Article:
LTE: Disappointed by A-P graduation program omission

In June 2019, I moved back to my hometown of Aplington. I wanted to look after my parents, teach in a smaller district, and return to small-town living. Small-town living can have advantages and disadvantages. In the last three years, I have experienced what it is like to be judged by a small community. A minister of a rural Aplington church denied my membership due to the conditions of my divorce, even though he and the congregation welcomed me for a year prior to asking for membership. I do own my house in Aplington and pay taxes. I have been a teacher for 20 years. I graduated from Aplington in 1992. 

My son, Blake William Romberg, has been a student at Aplington-Parkersburg since 2019. During that time he has worked 2-3 jobs. Blake did not participate in sports or other school activities. 

On April 7th, I received an email from Blake’s English teacher stating he was in danger of not passing. I responded to this email that same day and addressed the concerns. I admit that Blake has not been the best at completing his work and turning it in on time. On April 15th, I asked the teacher for an updated grade and the teacher emailed that he was passing. 

Blake participated in the graduation practice ceremony on May 18 and was told he was graduating. He turned in all his required work the night before. Yes, he waited until the last minute. There had been no emails from his English teacher or other teachers, a guidance counselor, or high school principal since April 15. 

May 22nd was the Aplington-Parkersburg high school graduation. My parents and I were there early. As we were sitting there, my father noticed that Blake’s name was not on the graduation program. I immediately went to the superintendent with my concern. He did not know what to do. I went to the principal with my concern and asked to see the paper of names that the principal would read. My son’s name was on that paper but not on the program. The principal did apologize and said it was not his fault. He told me he would print me some extra corrected ones. I returned to my seat. A little later, the principal came to me and brought me three new programs. I asked if he was going to give everyone in attendance a new program. He stated he could not do that. My son’s name was the only name left off the program.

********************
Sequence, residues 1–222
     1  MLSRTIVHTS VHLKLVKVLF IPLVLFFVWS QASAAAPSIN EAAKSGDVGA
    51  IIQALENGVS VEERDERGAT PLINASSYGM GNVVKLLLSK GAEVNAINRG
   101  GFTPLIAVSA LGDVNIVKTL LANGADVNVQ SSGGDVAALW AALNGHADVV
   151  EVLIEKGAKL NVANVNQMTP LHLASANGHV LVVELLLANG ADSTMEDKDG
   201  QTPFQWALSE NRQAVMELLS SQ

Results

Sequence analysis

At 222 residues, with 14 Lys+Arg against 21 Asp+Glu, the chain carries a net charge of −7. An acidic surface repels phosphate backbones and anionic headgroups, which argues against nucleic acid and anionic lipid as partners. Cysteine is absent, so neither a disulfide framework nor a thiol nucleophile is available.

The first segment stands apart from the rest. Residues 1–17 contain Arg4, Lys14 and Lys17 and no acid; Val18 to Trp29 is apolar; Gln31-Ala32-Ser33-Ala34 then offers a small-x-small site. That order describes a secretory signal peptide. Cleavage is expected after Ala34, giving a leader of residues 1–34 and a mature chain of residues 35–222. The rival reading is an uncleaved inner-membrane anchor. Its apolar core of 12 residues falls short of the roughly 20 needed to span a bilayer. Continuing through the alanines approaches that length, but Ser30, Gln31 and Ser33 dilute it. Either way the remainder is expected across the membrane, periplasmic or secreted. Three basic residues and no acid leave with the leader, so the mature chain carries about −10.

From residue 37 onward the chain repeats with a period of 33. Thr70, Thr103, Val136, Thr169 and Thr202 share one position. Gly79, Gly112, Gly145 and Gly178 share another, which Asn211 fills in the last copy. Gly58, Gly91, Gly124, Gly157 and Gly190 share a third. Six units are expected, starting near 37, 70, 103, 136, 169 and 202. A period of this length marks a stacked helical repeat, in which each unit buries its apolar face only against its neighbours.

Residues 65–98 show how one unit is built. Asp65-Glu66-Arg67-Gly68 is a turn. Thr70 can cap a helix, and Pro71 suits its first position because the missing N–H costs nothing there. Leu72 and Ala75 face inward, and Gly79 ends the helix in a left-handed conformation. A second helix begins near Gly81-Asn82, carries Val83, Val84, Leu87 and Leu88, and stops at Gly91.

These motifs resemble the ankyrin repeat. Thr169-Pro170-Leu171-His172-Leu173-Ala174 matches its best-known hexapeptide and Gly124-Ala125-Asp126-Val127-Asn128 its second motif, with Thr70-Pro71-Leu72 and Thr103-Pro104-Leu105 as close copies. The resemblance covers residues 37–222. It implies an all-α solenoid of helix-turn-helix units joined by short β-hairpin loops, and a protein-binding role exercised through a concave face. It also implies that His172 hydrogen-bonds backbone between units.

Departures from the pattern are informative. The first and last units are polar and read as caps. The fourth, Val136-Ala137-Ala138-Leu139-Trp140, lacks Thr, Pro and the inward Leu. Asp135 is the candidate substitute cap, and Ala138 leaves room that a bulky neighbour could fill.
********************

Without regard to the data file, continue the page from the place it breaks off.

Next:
I thought maybe I would receive an email from the principal the next week apologizing. There were no emails from anyone. I wonder if the A-P staff just assumed Blake would drop out because his brother dropped out. Did anyone talk to him at school and ask if he needed any help. I wonder since my son was not the “popular” kid, did people just overlook him. 

Blake has decided to move around Des Moines in a month. He is choosing to work instead of attending a college or trade school. As a parent, I hoped he would stay around here, but at this point, I don’t blame him. If I had any more school-aged children, I would open enroll them in a neighboring district. I thought living in a smaller district my kids would have a village to look out for them. 

In case you were one who looked at the graduation program, I want you to know Blake William Romberg did graduate from Aplington Parkersburg High School on May 22nd. 


Marci Klahsen



Parkersburg Eclipse News-Review

503 Coates St.
Parkersburg, IA 50665
Phone:  319-346-1461

Mid-America Publishing

This newspaper is part of the Mid-America Publishing Family. Please visit for more information.